Elateroidea (the click-beetles, soldier-beetles, fireflies and relatives), the largest superfamily of the series Elateriformia, form one of the major and oldest polyphagan lineages11,12. Currently, they contain approximately 25,000 described species classified into 13 families13,14,15,16. The elateroid beetles exhibit extraordinary morphological diversity. Some lineages contain representatives with a fully sclerotized, compact body and presence of a defensive pro-mesothoracic clicking mechanism, while other groups are soft-bodied, with loosely connected abdominal segments and often with variously modified or reduced body parts13,17. Such morphological modifications are a result of neoteny, a phenomenon in which animals retain larval characters while attaining reproductive maturity18,19,20. In Elateroidea, females are usually much more affected by neoteny and exhibit various degrees of incomplete metamorphosis; from possession of a larva-like abdomen only, through having a larva-like body excluding the head, to a completely larviform body16,21,22,23. Since developmental modifications lead to similar morphological traits, these groups were usually considered a monophylum (i.e., former Cantharoidea)17,21. However, recent molecular-based research showed the multiple origin of soft-bodiedness and neoteny in Elateroidea9,13,16,22,23.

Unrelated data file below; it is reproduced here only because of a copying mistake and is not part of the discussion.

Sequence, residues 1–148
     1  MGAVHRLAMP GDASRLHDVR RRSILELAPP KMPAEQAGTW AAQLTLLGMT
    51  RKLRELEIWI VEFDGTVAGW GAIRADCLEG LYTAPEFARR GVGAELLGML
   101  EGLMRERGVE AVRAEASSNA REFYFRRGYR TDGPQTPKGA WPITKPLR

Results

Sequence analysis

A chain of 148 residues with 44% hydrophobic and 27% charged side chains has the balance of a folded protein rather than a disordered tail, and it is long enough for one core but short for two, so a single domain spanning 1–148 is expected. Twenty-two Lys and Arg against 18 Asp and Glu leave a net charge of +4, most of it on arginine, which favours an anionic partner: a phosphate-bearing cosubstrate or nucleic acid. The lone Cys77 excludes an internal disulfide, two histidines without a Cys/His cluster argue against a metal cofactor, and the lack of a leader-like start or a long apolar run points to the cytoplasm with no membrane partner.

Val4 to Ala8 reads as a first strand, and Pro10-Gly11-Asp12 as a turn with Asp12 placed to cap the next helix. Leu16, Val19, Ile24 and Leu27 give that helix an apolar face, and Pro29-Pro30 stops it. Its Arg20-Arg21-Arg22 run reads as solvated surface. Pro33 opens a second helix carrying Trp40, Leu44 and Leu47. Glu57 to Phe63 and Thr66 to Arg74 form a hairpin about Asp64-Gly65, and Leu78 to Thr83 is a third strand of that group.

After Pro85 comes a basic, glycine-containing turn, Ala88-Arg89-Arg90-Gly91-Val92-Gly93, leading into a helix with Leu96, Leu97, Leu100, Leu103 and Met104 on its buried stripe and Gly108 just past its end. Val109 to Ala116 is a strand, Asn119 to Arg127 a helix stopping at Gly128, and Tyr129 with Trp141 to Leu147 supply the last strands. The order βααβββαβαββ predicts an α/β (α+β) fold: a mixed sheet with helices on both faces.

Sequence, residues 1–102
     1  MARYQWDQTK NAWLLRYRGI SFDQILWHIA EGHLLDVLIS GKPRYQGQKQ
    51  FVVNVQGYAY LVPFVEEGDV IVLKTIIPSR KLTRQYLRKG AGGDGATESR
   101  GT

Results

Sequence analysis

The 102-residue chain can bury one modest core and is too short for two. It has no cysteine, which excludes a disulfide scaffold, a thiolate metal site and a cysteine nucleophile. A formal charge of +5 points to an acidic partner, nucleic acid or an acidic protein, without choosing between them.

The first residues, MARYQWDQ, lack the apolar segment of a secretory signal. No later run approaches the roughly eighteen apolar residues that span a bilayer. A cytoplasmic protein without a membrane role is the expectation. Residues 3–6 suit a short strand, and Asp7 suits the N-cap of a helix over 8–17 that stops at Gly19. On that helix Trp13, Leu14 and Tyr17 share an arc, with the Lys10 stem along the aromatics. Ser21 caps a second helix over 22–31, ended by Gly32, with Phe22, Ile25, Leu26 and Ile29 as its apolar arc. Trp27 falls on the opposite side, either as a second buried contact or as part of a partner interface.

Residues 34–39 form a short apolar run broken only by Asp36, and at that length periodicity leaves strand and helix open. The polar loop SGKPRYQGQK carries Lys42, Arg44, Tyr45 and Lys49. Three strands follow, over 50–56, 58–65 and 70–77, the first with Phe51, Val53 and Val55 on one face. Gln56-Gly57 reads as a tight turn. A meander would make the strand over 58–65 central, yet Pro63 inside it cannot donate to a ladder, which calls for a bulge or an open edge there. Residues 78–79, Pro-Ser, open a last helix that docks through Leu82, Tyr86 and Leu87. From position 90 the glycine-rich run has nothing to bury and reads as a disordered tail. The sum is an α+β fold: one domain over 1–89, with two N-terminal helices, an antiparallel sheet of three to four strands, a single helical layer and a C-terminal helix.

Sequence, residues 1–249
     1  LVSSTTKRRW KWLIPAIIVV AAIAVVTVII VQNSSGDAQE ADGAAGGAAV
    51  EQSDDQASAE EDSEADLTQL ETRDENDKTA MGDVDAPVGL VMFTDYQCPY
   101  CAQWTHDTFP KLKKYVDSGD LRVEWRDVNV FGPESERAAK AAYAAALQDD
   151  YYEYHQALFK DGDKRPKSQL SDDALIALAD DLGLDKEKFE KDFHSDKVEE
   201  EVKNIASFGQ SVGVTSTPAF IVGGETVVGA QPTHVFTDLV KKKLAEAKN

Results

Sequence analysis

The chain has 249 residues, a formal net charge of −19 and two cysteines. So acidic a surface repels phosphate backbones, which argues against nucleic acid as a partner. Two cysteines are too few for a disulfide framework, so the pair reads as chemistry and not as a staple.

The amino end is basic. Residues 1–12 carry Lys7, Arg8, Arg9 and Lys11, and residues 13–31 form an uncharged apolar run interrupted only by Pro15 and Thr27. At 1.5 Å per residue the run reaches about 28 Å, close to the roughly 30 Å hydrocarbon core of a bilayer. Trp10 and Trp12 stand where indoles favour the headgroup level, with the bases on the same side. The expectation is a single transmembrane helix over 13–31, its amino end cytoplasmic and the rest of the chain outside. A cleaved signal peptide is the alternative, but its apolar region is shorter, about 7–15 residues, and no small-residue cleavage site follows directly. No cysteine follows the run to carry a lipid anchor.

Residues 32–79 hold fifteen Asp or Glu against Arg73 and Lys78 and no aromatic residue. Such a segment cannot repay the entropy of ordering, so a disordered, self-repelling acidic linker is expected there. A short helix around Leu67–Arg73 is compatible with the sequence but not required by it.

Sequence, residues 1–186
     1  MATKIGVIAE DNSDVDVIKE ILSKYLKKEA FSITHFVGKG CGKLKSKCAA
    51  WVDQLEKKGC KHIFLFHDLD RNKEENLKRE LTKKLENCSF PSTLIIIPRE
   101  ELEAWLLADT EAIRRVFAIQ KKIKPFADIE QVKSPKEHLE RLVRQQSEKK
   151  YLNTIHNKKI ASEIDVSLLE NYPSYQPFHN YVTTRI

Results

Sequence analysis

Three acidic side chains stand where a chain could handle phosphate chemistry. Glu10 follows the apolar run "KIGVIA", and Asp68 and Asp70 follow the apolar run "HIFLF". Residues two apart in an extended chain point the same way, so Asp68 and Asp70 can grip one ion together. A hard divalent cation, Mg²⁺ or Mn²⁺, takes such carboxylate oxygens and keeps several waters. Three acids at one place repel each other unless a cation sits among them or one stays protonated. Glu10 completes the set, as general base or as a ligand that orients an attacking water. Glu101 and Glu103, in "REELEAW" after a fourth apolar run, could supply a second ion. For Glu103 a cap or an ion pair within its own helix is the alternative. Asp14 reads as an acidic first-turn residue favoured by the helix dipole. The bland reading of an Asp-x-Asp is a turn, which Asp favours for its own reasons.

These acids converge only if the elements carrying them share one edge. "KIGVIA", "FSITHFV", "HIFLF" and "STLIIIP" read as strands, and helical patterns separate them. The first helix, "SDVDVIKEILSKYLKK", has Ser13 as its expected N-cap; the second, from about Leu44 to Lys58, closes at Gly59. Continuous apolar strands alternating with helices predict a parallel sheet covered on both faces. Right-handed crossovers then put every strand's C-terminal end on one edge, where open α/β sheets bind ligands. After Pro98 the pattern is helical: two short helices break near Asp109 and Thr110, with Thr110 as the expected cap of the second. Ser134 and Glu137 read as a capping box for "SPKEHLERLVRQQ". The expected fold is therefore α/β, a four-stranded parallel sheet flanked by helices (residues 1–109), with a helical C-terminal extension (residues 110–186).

Here, we report the discovery of a completely new elateroid neotenic lineage from the Brazilian Atlantic forest ecoregion, which is one of the Earth’s most endangered biodiversity hotspots with high levels of diversity and endemism24,25. The story of a discovery began on 24 May 2016, when an expedition of the first author (SPR) and her undergraduate students was organized to the Municipal Biological Reserve Serra dos Toledos in the Serra da Mantiqueira mountain chain as part of research on its Lampyridae fauna26. During that expedition, the first two larvae of the here described new elateroid lineage were collected in soil of a ravine along the main trail of the reserve (Fig. 1). Based on their bizzare morphology, including the remarkable mouthparts which resembled a beak, collectors were not able to assign the specimens to any known beetle family, although it was obvious they belong to Elateroidea. A few weeks later the larvae metamorphosed into pupae and later to a soft-bodied adult male and a larviform female. Because they represented an apparently undescribed elateroid lineage, a great effort was made to collect more larvae during every expedition to Serra dos Toledos. In 2017, adult males of a second species were found among samples from Malaise traps in Serra dos Toledos, and Luiz F. L. Silveira (Western Carolina University, USA) sent us adult males of a third species collected using Malaise traps in the Serra dos Órgãos National Park, a part of the Serra do Mar mountain chain. In this study, we conducted a detailed evaluation of the morphological characters of all life stages and investigated the phylogenetic position of the newly discovered lineage using a multi-marker molecular phylogeny. All available evidence demonstrates the need to establish a new family within the Elateroidea for three new species in two new genera.